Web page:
Science Questions

Can the CMB be used as an absolute reference frame?

Thu, 21st Apr 2011

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Simon Tulloch asked:

Hi Chris, great show , Im hooked. I have a question:

 

The cosmic microwave background (CMB) shows a dipole distribution which is normally subtracted from the data to reveal the underlying "wrinkles" that appear in the public relations images (George Smoot´s "face of god"). This dipole distribution means that one side of the sky is slightly hotter than the other and this is usually described as being due to the doppler shifts in the CMB due to the solar systems motion through space. Surely this implies that the CMB provides an absolute frame of reference in space against which velocities can be measured? Einstein showed us that all velocities are relative. How can this apparent paradox be explained?

 

Cheers

Simon

 

Simon Tulloch

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Simon Tulloch asked the Naked Scientists: Hi Chris, great show, Im hooked. I have a question: The cosmic microwave background (CMB) shows a dipole distribution which is normally subtracted from the data to reveal the underlying "wrinkles" that appear in the public relations images (George Smoot´s "face of god"). This dipole distribution means that one side of the sky is slightly hotter than the other and this is usually described as being due to the doppler shifts in the CMB due to the solar systems motion through space. Surely this implies that the CMB provides an absolute frame of reference in space against which velocities can be measured? Einstein showed us that all velocities are relative. How can this apparent paradox be explained? Cheers Simon Simon Tulloch What do you think? Simon Tulloch , Sat, 26th Mar 2011

There is a difference between choosing a frame to measure yourself against and finding that 'unmoving' frame that permeates the universe. CMB is a radiation that 'moves' at 'c', approximatively as 'hot/cold' in any direction you look. It also has no preferred direction and so becomes indirect evidence for the so called inflationary period when space 'grew instantly'. But it is only radiation, not an 'aether'. I don't think we can use it for measuring a 'absolute' speed, even though it should 'build up' as we accelerate, changing temperature relative us measuring it, although the same can be said of any light measured... You might look at it as a 'frame of reference' that may seem approximately the same 'everywhere' but it's not a 'dimension/aether' 'resisting' motion. Just a form of radiation that seems the same, everywhere we look.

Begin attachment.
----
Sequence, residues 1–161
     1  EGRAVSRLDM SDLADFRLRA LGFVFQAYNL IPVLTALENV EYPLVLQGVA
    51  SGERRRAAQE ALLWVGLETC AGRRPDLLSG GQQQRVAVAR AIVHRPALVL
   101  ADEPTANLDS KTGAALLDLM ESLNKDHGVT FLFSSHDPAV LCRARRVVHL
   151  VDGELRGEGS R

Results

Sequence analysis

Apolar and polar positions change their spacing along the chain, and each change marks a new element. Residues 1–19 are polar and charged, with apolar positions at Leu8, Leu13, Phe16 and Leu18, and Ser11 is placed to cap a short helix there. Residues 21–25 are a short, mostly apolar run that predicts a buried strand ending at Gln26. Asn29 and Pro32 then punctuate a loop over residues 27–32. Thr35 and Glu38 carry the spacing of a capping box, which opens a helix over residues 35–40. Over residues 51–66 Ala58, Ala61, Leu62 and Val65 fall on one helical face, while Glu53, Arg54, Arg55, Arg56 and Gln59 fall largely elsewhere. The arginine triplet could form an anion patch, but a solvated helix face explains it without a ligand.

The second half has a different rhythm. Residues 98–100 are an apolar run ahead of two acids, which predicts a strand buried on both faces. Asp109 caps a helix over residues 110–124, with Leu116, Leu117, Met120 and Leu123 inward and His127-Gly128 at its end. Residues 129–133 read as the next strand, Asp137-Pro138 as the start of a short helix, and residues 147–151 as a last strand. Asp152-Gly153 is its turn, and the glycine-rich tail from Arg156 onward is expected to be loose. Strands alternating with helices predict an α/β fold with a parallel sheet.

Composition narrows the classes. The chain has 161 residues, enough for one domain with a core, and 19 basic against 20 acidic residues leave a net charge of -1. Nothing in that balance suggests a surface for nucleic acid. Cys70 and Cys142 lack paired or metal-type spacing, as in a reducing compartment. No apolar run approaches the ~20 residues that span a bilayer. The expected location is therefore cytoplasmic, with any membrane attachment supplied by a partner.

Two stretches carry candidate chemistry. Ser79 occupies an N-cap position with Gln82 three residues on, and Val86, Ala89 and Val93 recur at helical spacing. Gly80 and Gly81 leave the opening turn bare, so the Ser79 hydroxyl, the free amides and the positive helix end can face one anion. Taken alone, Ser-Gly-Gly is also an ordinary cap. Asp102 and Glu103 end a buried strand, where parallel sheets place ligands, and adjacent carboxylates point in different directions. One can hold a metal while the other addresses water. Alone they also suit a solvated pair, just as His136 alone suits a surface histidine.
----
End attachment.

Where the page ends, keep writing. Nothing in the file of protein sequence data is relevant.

But I've been wondering the same :)
And in a way it seems applicable for measuring at least a relative 'speed', that will give you the approximate same result everywhere, maybe? It's all assumptions as we haven't been 'everywhere' measuring it, sort off. But as good assumptions as we can make it I think

When Einstein thought of 'relative frames' he meant that that there was no frame that you could use as 'the original frame' and even though you might assume that the radiation is the same everywhere, it's never 'at rest'. It's light, mass-less, time-less, without any frame of rest.

The only way to be at rest versus radiation is to become radiation.
Well that's my take for the moment at least :)

Maybe there will be, is, a better answer to your question :)
==

To prove your 'absolute motion' in the universe you first need to find that 'object' whatever that you can prove to be 'still' relative the universe. I don't think there exist any such 'frames' myself. But for the 'relative speed' CMB, or any light measured, as you accelerates should give you the same sort of blue shift relative the light you measure. So for that kind of 'speed estimate' any light should do (coming from another frame of reference) I think? As long as you're satisfied with measuring the 'energy' relative what you measure that will do very fine, but as for an 'absolute speed' it won't.

yor_on, Sat, 26th Mar 2011

Relativity describes the laws of physics, or the rules of the game. The CMB is a player, or an actor on the stage, or a boundary condition. The laws of physics do not define a preferred frame, however the substance (matter & energy) in the universe does--if you think about it, the mass in the universe also defines a center-of-mass. Rod, Sun, 8th May 2016

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